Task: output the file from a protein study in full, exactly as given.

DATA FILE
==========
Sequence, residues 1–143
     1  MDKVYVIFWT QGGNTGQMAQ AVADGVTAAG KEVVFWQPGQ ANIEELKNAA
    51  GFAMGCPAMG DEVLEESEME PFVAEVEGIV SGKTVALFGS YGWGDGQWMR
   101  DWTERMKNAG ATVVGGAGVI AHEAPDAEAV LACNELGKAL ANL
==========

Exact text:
Sequence, residues 1–143
     1  MDKVYVIFWT QGGNTGQMAQ AVADGVTAAG KEVVFWQPGQ ANIEELKNAA
    51  GFAMGCPAMG DEVLEESEME PFVAEVEGIV SGKTVALFGS YGWGDGQWMR
   101  DWTERMKNAG ATVVGGAGVI AHEAPDAEAV LACNELGKAL ANL